States can and should help end Obamacare whether Congress does its job, or not.

Will Republicans in Congress actually send Pres. Trump a bill to repeal Obamacare?

At this point, it seems highly unlikely. The changes to the ACA proposed by the U.S. House and Senate keep the basic the framework of Obamacare in place. It’s not even repeal and replace. It’s more like tinker around the edges and keep it in place. So far, the Republican-controlled Congress hasn’t shown any signs of being able to get even these modest “reforms” passed.

In light of Congress’ apparent ineptitude, it’s important to note states can take action right now that will set the stage to bring the Affordable Care Act down, no matter what Congress does.


By refusing to provide any state or local cooperation with the implementation or administration of Obamacare – or whatever version of national healthcare Republicans create.

The ACA was predicated on state cooperation. Any Republican “replacement” will be as well. By ending all state actions that support the ACA and refusing to enforce any of its mandates, a state can make it nearly impossible to run Obamacare within its borders.

The federal government never intended to run the healthcare system alone, and ultimately, it can’t do it without state help. It even tried to compel states to expand Medicaid under the act, but that portion was struck down in the famous “Obamacare case,” NFIB v. Sebelius.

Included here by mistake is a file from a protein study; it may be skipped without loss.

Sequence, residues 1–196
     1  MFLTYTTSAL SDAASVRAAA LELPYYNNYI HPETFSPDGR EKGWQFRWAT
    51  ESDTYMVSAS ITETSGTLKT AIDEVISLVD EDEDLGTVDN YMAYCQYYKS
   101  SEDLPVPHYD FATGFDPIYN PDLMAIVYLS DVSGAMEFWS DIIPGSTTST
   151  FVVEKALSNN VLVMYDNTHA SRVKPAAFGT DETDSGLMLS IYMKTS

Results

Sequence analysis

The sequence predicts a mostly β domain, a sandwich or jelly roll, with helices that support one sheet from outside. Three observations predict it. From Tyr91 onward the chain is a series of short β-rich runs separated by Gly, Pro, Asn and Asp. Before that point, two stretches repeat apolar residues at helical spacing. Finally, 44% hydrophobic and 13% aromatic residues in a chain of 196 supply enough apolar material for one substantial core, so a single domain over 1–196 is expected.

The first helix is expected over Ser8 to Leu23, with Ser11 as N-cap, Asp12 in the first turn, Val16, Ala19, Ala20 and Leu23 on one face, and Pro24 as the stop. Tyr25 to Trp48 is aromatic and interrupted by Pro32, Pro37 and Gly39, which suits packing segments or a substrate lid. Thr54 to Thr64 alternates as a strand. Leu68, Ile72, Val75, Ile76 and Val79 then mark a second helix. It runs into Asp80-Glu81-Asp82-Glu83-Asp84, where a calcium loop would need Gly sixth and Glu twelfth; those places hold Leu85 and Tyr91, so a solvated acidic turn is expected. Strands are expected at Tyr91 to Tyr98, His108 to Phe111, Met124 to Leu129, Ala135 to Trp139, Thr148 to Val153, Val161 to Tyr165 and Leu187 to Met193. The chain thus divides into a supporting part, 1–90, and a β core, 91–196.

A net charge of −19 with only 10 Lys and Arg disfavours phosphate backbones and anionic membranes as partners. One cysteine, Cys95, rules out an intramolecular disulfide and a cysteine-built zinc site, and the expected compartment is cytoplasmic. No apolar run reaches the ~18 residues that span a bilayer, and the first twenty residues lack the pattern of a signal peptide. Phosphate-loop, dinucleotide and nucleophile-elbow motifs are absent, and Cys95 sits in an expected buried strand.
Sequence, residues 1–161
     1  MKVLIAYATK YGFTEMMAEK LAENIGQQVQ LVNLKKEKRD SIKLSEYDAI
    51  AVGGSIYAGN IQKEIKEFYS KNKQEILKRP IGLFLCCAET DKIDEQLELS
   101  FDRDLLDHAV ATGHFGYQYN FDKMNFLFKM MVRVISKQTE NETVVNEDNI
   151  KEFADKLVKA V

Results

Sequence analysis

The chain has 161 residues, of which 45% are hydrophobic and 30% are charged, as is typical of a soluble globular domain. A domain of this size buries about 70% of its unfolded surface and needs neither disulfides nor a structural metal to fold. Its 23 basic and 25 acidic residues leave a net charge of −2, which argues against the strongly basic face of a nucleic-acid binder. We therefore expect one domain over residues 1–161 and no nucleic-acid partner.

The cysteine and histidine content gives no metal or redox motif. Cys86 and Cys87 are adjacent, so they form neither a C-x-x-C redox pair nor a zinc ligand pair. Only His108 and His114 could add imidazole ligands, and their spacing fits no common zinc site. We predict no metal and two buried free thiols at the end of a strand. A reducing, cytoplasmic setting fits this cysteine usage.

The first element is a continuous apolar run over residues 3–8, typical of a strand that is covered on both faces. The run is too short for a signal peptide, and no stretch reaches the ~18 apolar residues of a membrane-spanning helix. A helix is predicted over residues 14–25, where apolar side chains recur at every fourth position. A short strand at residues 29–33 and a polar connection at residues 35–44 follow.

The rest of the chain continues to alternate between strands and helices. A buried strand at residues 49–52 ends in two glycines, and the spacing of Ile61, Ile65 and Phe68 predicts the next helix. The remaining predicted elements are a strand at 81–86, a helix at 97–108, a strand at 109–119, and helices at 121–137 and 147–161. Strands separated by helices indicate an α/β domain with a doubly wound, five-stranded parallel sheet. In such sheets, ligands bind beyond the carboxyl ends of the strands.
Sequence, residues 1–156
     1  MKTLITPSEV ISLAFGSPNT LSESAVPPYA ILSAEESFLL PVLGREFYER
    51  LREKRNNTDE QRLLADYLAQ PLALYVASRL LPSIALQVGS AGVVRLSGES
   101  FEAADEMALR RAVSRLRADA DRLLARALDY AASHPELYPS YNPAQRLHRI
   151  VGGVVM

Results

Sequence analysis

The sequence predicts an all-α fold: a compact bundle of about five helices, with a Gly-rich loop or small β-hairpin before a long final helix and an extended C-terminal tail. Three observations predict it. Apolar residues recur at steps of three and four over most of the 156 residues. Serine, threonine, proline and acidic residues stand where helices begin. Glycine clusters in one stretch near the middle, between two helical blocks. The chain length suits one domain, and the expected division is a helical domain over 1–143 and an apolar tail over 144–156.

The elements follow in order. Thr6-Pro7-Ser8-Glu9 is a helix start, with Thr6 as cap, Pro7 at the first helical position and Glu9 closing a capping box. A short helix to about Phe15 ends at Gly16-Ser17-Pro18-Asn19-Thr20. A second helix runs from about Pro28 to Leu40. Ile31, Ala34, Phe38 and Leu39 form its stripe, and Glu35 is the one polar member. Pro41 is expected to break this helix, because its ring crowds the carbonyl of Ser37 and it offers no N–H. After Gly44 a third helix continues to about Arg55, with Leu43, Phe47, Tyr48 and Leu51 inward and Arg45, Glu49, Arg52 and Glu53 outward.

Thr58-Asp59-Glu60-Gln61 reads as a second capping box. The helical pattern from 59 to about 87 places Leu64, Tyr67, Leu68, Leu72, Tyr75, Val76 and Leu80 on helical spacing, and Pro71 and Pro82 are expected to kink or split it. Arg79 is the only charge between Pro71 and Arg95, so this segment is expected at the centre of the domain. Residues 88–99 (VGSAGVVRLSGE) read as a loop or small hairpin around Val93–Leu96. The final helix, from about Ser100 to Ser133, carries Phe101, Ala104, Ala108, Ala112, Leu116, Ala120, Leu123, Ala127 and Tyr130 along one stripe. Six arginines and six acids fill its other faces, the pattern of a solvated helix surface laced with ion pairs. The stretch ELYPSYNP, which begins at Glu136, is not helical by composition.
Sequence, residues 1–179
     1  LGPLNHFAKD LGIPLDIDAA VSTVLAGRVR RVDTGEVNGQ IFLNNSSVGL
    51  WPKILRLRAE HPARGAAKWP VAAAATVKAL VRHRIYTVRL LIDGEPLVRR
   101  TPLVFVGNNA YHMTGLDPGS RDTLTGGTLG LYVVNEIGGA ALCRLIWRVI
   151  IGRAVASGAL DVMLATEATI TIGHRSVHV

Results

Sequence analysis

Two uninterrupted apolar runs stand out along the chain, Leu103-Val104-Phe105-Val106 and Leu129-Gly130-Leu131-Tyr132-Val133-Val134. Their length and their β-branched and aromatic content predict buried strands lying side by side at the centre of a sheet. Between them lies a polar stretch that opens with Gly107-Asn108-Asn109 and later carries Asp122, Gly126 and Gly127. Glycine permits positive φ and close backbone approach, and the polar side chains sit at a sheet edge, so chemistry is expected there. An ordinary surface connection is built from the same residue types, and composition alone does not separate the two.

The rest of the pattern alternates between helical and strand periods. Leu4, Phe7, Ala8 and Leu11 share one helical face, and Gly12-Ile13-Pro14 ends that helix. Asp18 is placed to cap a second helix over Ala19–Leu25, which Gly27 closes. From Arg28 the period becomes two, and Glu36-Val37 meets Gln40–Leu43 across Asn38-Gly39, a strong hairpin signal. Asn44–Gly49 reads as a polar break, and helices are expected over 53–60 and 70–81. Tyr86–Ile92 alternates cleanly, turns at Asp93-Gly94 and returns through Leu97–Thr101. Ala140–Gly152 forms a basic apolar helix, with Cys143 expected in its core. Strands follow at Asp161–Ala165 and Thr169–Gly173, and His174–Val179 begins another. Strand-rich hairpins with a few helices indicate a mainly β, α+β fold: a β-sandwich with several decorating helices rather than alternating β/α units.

Additionally, we’ve seen the difficulties created for the Act by the number of states that simply refused to set up exchanges for the federal government.


Refusing to expand Medicaid or set up an exchange are two essential steps states should take. West Virginia took the first step in the last legislative session, scrapping its state-run insurance exchange.This will force the feds to run the exchange themselves, and will just increase the strain and burden on federal resources.

But states can go even further. Judge Andrew Napolitano noted that if a number of states were to refuse to participate with the ACA in a wholesale fashion, that multi-state action would “gut Obamacare.”

Napolitano said that if enough states follow suit, “it will gut ObamaCare because the federal government does not have the resources or the wherewithal […] to go into each of the individual states.”

States can pass legislation to completely end any and all state participation in the Affordable Care Act (or any other national healthcare scheme). Here is an example of some simple model language that would effectively shut down all management and implementation of the ACA in a state.

That the general statutes be amended to repeal all statutes implementing health care mandates required under the Affordable Care Act, prohibit the state from participating in any program under or appropriating or expending any moneys in furtherance of said act, and dissolve all programs related to said act.

“The federal government can barely manage running a website,” Tenth Amendment Center Executive Director Michael Boldin said, noting that this kind of legislation would ban a state’s department of Insurance from investigating or enforcing violations of federally mandated health insurance requirements. He said this would “prove particularly problematic for the federal governmen